Police would have responded sooner if they'd know teen was suicidal, cop testifies
Dec 17 2011
Saanich police would have responded immediately to Ledger House on Dec. 19, 2010, if they'd been told a suicidal patient was missing, Sgt. Tyra Reid told a coroner's inquest this week.
"This was clearly a miscommunication," Reid testified Wednesday at the inquest into the death of Hayden Blair Kozeletski.
The five-person jury, examining the circumstances surrounding the suicide of the 16-year-old Campbell River girl, learned that Hayden disappeared just after 5 p.m. and staff searched the building and the grounds for her.
On Wednesday, they listened to the non-emergency call placed by Megan Hadley, the nurse in charge of the youth psychiatric facility at Queen Alexandra Centre for Children's Health, to Saanich police at 5:36 p.m. that night.
The call was classified as routine and placed in a holding queue to be dispatched when an officer became available.
The call was still holding more than 90 minutes later, when Phil Kozeletski found his daughter dead on the beach. He and his wife, Barb, were driving through Ladysmith when they received a call from Hadley that Hayden had disappeared. They arrived at Ledger House before police did.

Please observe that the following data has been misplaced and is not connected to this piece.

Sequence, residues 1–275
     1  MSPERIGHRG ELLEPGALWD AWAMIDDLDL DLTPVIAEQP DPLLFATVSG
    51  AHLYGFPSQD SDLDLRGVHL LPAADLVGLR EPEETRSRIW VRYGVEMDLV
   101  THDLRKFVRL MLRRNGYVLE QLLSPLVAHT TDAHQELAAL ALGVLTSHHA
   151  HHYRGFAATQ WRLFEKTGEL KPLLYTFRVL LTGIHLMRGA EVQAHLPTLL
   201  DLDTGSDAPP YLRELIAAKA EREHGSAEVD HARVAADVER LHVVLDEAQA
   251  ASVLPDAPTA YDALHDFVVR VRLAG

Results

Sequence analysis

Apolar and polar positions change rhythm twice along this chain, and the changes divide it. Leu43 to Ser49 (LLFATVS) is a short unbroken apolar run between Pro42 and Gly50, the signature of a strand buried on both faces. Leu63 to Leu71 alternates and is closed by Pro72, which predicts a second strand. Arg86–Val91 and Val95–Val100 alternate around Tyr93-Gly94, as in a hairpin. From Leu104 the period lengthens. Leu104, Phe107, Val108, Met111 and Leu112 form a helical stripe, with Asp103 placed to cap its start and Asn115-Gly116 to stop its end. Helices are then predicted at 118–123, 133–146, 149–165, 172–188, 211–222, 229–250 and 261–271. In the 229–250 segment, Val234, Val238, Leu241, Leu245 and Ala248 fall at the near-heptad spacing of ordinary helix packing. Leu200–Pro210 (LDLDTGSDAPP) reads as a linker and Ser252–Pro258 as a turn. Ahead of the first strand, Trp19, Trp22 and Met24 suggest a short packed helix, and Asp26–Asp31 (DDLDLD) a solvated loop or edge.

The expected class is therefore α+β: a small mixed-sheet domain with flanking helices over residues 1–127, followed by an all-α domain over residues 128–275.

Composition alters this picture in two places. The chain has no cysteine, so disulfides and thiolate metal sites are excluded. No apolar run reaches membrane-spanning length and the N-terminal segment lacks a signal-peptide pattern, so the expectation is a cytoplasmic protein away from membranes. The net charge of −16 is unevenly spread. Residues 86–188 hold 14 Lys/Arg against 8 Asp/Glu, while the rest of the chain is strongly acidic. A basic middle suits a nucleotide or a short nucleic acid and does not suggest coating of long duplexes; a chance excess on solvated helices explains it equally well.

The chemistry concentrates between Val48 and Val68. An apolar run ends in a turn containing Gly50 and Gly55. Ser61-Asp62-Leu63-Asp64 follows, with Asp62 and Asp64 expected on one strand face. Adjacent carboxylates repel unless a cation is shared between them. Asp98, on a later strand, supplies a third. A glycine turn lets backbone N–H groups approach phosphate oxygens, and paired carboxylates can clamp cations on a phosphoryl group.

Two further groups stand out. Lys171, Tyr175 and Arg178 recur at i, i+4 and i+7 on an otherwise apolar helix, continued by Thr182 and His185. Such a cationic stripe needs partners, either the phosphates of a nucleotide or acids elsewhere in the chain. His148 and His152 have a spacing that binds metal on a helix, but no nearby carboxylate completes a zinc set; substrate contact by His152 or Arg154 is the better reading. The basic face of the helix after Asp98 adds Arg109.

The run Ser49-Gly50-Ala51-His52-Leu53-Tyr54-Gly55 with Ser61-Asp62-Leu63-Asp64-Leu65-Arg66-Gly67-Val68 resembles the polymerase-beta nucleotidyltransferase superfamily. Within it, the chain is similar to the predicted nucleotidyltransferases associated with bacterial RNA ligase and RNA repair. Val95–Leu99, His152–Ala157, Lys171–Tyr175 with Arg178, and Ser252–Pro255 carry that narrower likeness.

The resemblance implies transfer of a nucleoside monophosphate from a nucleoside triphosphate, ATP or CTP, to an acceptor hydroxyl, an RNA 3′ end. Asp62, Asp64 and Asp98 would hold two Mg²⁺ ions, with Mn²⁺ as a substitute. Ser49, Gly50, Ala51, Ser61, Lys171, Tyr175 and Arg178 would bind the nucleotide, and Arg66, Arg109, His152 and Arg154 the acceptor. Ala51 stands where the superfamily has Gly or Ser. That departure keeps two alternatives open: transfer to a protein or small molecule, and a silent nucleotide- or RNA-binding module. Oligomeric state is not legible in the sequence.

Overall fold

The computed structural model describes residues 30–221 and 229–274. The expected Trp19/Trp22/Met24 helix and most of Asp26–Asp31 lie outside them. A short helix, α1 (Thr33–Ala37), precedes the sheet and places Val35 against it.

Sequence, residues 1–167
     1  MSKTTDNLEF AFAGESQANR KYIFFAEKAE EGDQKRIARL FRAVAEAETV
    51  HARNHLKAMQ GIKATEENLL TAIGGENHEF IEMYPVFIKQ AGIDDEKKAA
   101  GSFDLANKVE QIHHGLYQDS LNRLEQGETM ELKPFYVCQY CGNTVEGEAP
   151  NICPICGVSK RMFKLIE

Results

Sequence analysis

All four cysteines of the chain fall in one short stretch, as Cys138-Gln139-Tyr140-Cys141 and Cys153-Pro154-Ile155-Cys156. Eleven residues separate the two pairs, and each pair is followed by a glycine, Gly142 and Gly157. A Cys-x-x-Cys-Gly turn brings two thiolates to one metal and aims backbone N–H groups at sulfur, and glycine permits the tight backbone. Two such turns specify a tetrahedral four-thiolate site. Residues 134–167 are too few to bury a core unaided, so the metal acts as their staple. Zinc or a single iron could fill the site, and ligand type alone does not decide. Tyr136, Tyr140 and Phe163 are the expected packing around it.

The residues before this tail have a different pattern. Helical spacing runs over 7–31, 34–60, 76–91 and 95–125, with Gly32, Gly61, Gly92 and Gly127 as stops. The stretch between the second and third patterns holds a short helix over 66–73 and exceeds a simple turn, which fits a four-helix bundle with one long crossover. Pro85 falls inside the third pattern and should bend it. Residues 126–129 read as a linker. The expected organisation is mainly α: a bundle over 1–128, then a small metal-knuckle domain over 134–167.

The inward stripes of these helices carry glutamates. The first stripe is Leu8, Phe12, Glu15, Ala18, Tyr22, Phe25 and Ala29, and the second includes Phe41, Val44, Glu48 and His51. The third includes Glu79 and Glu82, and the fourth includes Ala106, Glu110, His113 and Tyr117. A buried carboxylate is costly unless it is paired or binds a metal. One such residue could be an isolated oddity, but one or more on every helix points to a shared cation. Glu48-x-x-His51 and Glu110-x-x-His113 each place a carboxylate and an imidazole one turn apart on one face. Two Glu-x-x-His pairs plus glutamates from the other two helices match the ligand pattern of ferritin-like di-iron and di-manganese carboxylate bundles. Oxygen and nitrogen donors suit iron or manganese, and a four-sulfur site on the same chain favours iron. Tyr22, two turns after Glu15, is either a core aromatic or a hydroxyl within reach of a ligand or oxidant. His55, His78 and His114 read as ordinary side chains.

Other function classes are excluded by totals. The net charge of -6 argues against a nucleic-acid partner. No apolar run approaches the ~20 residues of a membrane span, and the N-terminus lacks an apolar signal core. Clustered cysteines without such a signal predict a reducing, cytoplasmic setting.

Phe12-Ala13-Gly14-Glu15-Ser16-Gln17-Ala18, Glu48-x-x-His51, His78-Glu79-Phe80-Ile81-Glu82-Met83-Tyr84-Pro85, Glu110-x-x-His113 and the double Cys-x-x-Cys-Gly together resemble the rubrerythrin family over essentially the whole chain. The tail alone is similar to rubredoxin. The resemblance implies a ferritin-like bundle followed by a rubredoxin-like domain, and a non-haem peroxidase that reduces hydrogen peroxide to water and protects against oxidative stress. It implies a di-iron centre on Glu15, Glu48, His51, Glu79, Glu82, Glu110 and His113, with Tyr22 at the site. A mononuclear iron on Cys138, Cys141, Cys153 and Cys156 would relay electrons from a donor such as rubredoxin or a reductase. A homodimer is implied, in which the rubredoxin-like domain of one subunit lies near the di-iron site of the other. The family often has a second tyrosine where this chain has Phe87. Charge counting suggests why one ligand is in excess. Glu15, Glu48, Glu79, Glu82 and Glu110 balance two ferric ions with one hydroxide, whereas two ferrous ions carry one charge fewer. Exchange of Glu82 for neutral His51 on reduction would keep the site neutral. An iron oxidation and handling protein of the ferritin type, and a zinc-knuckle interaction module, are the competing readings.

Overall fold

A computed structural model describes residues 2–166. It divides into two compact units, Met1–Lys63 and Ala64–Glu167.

Reid explained to the five-person jury that police rely heavily on the complainant's information and did not think the call was urgent.
"I just need to report that one of our patient's has gone missing," Hadley told the dispatcher in a calm, soft-spoken voice. "And, um, if you guys can keep an eye out for her. She's not actually certified, but she's at risk."
The dispatcher asked if Hayden was at risk for hurting herself, or others.
Herself, Hadley replied.
The nurse told dispatch that Hayden had been in Campbell River on a weekend pass and had admitted herself to hospital because she was having suicidal thoughts.
The dispatcher said she had started a report and would have an officer come by.
"We just have an incident that we're dealing with so it might be a little bit, but it will definitely be out, out there. The information will be out there."
"No problem," said Hadley.
On the stand, Hadley testified that when she was notified Hayden was missing, she called Hayden's psychiatrist and they discussed it would be "diligent to call police."
"I did not call 911 because to my knowledge she had been transferred as a stable patient," said Hadley. "There was nothing to tell me this was an urgent situation."
Reid testified that missing person cases are still classified as routine, but the department now requires supervisors to be notified immediately.